1. The 1st World War The aftermath of the war María Jesús Campos Chusteacher Wikiteacher
2. Losses and casualties• “Total war”: the combatants mobilised all their resources, military, industrial and human.• The number of men mobilised by both sides during the war totalled over 65 million.• Historians estimate that up to 10 million men died on the battlefield and around 20 million were wounded.
3. The Aftermath of World War I• The Armistice was signed 11 • After the war: of November of 1818 – The political map of• Everybody felt that the First Europe would be World War should be the redrawn (the Ottoman “war to end all wars”. and the Habsburg Empires dissapeared) – European countries suffered a difficult economic situation. Some countries had been devastaded.
4. The mood in 1919• People felt that Germany should be blamed and pay for the war.• Not only because they thought Germany has caused the war but because of the harsh conditions of the Treaty of Brest-Litovsk signed between Germany and Russia.
5. The Paris Peace Conference, 1919-20• Took place in Versailles• 32 nations were represented but not the defeated countries• The “Big Three” (Great Britain, USA, France) took all the important decissions.
6. The “Big Three”George Woodrow David LloydClemenceau, Wilson, George, GreatFrance Britain USA- France had been - Was usually in thedevastated and 2/3 - Believed in middle groundsoldiers had been peaceful between Clemenceauinjured or Killed cooperation and Wilson among nations- Germany should and the right to - Germany should bebe harshly self- punished but notpunished and pay determination harshly to prevent afor the war new war
7. Treaty of Versailles - 1919 Treaty of Sevres 1920 - Germany Treaty of Saint Germain Treaty of - 1919Lausanne 1923 - Austria Turkey Peace Treaties of the First World War Treaty of Treaty of Trianon Neuilly - 1919 - 1919 - Hungary - Bulgaria
8. Treaty of Versailles, 1919Germany had to accept:• War guilt: accept the blame of the war• Reparations: pay for the damage (lifes and infrastructures) caused to the Allies• Army: limited to 100.000 soldiers, 6 battleships, no tanks, submarines or aircraft Punch, 19 February 1919. Caption: German Criminal to Allied Police: Here, I say, stop! You’re hurting me! [Aside: If I only whine enough I may be able to wriggle out of this yet.]
9. Germany territorial losses in Europe
10. Germanylost all itscolonies
11. • The Treaty of Versailles also included the creation of the League of Nations, an international organization to keep peace and prevent war• Germany was not allowed to become a member until demonstrating “it was a peace-loving country”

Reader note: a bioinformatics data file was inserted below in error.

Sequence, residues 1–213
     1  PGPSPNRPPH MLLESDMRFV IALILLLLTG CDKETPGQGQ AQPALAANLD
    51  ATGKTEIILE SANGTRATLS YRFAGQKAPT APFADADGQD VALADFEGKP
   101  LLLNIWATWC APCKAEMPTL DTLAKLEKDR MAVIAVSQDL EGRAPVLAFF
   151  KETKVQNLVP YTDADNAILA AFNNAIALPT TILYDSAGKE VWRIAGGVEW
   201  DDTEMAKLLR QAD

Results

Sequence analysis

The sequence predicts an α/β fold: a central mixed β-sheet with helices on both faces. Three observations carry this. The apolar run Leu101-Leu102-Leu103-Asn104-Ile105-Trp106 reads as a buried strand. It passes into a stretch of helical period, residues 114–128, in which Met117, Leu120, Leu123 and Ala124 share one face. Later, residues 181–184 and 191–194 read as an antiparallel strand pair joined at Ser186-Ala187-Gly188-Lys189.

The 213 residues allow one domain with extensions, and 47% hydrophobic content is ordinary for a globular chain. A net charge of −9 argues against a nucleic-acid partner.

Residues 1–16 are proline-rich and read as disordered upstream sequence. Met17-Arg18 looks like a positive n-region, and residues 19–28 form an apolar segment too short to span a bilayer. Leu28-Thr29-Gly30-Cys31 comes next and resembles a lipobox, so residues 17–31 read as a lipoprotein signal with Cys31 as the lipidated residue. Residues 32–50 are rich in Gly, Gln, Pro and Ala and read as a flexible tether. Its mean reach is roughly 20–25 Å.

12. German reaction to the Treaty of Versailles• Outrage: Germans did not feel that they had started the war or that they had lost it as its country has not been occupied.• Germany lost 10% of its land which meant a 12.5% of its population.• Reparations were too heavy for Germany’s weak economy. Mass demonstration against the Treaty of Versailles before the Reichstag in Berlin
13. • The new socialist government, led by Ebert, reluctantly signed the Treaty on 28 June 1919• The German democratic government was fragile: – The Communists attempted a coup d’etat: the Spartacists uprising – The radical right-wing attempted a coup d’etat: the Kapp putsch
14. The impact of the Treaty on Germany• Germany fell behind on its reparation payments in 1922• The Ruhr region was occupied by France and Belgium weakening German’s economy even more.• To pay the workers the German government printed more money which caused and hyperinflation (money became worthless)• Germans blamed the Treaty for their problems.
15. Nobody liked the Treaty of Versailles• Germany blamed the Treaty for their difficulties• France thought the Treaty was not harsh enough with Germany• Great Britain feared that it would bring a new war• USA’s Senate refused to be a member of the League of Nations and ratify the Treaty
16. Treaty of Saint Germain, 1919 Austria had to accept:• Disarmament and Reparations• The Habsburg Empire was divided into different states (Austria, Hungary, Czechoslovakia, Yugoslavia…)• Populations from other nationalities remained in Austria
17. Treaty of Sevres, 1920 & Lausanne, 1923 Turkey :• Ataturk, nationalist leader, rejected the terms of the Treaty of Sevres.• The Treaty of Lausanne recognized the Turkish rights over Smyrna and most of Anatolia.• In exchange, Turkey had to cede Lebanon and Syria to France and Palestine, Irak and Trasjordan to Great Britain.
18. Other consequences of the Treaties New states appeared:• Czechoslovakia (which became a strong industrialized state)• Poland (whose borders were not recognized by the USSR)• Yugoslavia (which merged Serbia with populations from Austria and Hungary)